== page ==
CWD Spikes at Wisconsin Deer Farms

Chronic wasting disease (CWD) has plagued Wisconsin deer farms for years, and last year’s near-record rate has officials concerned. In 2017, the fatal disease was confirmed in 60 deer that were raised in captive deer operations. This marks the first time in 11 years that the state has confirmed this many cases of CWD, Wisconsin Public Radio reports.

CWD Numbers Spike

There were 60 confirmed CWD-positive deer in captive deer operations in Wisconsin in 2017. That is the most positive captive cases in more than a decade. (Photo courtesy

According to Darlene Konkle, assistant state veterinarian for the Wisconsin Department of Agriculture, Trade and Consumer Protection (DATCP), 2017’s total number of infected deer is nearly equal with the number of infected captive deer in 2006. She told Wisconsin Public Radio that, in 2006, the 61 confirmed cases of chronic wasting disease came from a deer breeding facility that “was depopulated.” In 2017, the 60 infected deer were from “game farms already known to have the disease on the premises.”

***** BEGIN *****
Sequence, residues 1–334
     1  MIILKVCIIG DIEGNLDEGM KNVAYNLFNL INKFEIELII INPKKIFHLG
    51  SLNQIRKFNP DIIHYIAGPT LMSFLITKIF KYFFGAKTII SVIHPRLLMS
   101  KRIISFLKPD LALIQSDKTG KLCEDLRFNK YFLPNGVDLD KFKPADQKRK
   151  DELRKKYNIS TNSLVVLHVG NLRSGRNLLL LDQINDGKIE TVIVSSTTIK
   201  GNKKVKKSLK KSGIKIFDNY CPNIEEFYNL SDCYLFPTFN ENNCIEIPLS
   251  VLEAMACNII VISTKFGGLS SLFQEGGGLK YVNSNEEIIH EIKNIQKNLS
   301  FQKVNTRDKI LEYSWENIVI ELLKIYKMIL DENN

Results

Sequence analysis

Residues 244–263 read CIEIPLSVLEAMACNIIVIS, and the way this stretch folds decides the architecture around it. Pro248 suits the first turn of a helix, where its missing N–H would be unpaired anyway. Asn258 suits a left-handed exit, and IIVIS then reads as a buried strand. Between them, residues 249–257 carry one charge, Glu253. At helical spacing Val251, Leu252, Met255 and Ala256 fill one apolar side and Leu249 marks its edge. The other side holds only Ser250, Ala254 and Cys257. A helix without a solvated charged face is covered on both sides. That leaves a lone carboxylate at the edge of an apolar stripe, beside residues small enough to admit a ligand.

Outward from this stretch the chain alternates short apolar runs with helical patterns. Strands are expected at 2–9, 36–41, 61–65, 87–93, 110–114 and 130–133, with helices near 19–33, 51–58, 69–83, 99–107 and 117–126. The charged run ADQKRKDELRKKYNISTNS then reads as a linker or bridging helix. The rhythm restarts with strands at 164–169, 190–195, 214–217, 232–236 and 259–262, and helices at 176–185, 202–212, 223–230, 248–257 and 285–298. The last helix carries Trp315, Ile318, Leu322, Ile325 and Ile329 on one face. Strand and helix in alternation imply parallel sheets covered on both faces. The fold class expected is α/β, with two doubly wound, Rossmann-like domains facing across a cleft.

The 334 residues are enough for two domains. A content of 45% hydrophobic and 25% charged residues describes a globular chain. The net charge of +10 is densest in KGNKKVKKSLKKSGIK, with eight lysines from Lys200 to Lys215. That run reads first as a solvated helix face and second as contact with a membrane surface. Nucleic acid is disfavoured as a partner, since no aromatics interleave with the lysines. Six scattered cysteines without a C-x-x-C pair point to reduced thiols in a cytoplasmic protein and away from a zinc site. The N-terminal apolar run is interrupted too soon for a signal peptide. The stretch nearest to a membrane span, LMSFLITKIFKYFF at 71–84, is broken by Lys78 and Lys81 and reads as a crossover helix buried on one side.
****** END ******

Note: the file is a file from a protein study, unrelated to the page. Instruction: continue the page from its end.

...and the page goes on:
“We have not had a depopulation in 2017 but we do have several hunting ranches that are positive for CWD and some of those are increasing the rate in which they are taking out animals,” said Konkle.

There are currently 376 deer farms in Wisconsin and DATCP says that 19 have tested positive for CWD over the past 17 years, resulting in the depopulation of 11 captive herds.


Since January, there have been nine confirmed cases of CWD at deer breeding facilities and hunting ranches, and DATCP is trying to keep the spread under control. In fact, in 2016, Gov. Scott Walker requested DATCP to “create best practices for deer farms” and ordered the Wisconsin Department of Natural Resources “to conduct deer farm fencing every two years,” according to the Wisconsin Public Radio. The state is currently looking at stricter regulations concerning how deer farms and ranches are managed and monitored.

“We’re constantly re-evaluating our monitoring and status programs, our licensing programs and looking at risk and looking at new information as we get it, as well,” said Konkle.


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